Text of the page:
Human Guide Techniques
A human guide is a sighted person who acts as a travel aid for someone who is blind or visually impaired. Virtually all non-visual travelers use a human guide at some time, either as a primary travel aid or a supplement to a guide dog, cane or an electronic mobility device, such as a Trekker.
Basic Human Guide Method
- Guide asks traveler if he/she needs assistance and then uses the back of his/her hand to make contact with the back of traveler’s hand.
- Traveler moves his/her hand up guide’s arm just above guide’s elbow.
- Guide moves his/her arm toward the small of his/her back.
- Traveler extends arm (to avoid stepping on guide’s heels) and moves directly
- After narrow passage has passed, guide returns his/her arm to the original position.
- Guide verbally indicates the need to turn in the opposite direction. (Guide comes to a complete stop.)
- Traveler releases his/her grip.
- Guide and traveler turn 180 degrees.
- Guide reestablishes contact with the back of the hand and the traveler resumes the original position.
- Guide or traveler indicates the need to transfer sides.
- Traveler trails guide’s back with his/her free hand and establishes the original position on the opposite side.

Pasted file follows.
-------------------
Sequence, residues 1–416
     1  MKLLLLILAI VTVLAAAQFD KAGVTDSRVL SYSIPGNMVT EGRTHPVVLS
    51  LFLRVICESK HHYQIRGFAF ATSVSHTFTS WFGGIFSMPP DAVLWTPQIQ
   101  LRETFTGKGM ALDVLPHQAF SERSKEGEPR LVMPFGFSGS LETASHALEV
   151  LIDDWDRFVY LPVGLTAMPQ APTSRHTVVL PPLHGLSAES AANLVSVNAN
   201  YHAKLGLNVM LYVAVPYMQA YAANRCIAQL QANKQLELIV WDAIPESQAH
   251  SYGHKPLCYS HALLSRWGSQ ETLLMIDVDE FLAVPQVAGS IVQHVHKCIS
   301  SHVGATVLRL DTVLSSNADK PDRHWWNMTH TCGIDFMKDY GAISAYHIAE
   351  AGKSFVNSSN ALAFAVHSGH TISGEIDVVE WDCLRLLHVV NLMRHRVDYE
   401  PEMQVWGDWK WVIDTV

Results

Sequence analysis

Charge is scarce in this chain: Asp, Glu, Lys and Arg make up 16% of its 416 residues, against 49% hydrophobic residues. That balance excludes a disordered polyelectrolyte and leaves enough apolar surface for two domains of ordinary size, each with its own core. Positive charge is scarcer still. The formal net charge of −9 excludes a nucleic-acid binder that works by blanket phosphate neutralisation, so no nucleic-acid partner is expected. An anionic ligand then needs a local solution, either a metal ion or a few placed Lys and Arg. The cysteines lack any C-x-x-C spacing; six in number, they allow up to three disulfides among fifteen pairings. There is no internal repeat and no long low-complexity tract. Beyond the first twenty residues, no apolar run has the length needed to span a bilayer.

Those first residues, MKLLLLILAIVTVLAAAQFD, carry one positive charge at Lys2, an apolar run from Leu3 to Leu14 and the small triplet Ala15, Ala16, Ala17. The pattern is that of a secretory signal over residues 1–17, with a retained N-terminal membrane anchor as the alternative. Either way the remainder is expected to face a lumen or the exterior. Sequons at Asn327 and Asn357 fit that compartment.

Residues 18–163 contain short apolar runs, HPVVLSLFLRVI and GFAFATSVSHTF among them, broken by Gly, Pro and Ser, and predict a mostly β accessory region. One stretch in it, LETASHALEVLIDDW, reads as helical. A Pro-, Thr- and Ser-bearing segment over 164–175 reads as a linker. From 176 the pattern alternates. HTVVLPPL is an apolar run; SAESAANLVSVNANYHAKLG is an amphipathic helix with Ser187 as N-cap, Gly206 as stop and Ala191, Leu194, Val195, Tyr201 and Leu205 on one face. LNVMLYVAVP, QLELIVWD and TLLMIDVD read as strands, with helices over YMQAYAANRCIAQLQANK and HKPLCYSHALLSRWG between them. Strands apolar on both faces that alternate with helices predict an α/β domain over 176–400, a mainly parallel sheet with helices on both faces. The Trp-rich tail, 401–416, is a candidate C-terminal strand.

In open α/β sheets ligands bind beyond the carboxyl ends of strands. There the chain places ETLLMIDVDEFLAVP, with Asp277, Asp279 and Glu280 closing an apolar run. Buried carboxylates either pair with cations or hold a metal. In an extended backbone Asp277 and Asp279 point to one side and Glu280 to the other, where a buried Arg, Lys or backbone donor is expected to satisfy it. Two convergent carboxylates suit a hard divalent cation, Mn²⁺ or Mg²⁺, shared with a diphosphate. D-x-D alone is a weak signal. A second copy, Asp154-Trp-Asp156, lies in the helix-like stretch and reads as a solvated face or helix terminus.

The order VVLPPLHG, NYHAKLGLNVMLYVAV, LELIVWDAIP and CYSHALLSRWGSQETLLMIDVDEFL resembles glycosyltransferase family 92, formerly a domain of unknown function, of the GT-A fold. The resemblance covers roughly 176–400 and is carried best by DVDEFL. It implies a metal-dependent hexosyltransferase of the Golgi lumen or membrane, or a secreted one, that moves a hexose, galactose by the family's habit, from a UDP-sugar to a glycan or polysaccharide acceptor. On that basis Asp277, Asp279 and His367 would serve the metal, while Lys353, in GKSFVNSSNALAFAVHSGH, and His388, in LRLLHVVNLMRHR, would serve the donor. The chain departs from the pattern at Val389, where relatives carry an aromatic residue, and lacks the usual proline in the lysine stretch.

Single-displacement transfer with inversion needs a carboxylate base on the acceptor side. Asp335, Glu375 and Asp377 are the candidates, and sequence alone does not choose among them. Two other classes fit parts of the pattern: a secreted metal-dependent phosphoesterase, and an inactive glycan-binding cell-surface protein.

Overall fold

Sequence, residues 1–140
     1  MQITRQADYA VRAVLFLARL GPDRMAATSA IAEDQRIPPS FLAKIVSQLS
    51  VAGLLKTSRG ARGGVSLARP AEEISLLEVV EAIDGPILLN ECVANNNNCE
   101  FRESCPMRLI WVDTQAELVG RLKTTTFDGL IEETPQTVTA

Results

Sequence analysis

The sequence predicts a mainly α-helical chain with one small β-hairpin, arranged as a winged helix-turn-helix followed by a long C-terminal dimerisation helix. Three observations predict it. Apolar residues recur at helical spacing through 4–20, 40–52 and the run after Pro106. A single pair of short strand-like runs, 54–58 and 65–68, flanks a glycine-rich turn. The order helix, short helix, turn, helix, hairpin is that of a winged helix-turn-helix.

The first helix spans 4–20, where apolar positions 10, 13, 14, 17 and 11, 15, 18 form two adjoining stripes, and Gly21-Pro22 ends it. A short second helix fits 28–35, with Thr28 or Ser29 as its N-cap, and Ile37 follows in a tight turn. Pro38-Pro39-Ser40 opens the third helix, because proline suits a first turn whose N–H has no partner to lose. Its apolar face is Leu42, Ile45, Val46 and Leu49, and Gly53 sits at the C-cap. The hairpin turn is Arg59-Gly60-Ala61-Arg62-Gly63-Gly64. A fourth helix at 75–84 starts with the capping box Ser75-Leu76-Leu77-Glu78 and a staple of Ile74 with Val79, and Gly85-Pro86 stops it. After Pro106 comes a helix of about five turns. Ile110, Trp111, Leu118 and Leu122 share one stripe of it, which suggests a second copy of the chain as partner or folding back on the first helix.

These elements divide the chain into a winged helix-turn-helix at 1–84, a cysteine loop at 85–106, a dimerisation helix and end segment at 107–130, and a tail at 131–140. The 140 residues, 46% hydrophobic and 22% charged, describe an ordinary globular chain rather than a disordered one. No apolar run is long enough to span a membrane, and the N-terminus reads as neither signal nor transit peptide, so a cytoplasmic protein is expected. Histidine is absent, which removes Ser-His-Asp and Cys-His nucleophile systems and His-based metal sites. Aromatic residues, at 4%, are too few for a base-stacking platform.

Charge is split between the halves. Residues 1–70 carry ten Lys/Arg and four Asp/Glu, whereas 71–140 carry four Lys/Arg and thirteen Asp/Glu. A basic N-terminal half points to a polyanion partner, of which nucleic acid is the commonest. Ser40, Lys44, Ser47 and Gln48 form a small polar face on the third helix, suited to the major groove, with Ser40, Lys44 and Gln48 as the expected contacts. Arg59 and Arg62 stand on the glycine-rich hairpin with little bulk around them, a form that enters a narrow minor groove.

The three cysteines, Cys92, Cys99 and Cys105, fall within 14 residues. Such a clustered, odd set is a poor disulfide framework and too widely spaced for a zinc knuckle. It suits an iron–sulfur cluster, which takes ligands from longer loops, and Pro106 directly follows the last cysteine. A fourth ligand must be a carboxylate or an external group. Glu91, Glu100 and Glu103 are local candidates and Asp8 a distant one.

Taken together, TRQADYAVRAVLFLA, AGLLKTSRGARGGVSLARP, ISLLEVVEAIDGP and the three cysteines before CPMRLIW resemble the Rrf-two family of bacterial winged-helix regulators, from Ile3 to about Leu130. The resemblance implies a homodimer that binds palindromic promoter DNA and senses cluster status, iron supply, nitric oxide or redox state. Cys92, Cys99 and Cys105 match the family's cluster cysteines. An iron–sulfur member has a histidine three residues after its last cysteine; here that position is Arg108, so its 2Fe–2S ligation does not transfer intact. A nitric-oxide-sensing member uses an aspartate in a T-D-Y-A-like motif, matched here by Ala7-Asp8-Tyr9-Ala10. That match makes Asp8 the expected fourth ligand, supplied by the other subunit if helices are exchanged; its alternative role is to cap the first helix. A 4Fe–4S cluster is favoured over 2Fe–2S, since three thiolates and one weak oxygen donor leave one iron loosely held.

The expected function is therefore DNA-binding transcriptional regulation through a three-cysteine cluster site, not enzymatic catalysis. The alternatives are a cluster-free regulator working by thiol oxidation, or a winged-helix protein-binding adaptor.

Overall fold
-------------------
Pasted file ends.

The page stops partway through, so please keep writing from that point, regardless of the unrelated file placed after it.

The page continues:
- Guide indicates on which side and in which direction the door opens. (Traveler needs to be on the hinge side of the door, so it may be necessary to transfer sides.)
- When the guide opens the door, the traveler assumes a forearm protective position.
- Traveler will make contact with the door and push it further open.
- Traveler will release the door and resume the original position.
Stairs and Curbs
- Guide approaches the step perpendicularly.
- Guide pauses at the first step and the traveler moves alongside the guide.
- Guide takes the first step and traveler follows at the guide’s pace,
one step behind.
- Guide pauses at the end of the stairs, indicating one more step, and then resumes the original position and pace.
- Guide brings the traveler close to the seat.
- Guide explains the location of the seat in relation to the traveler.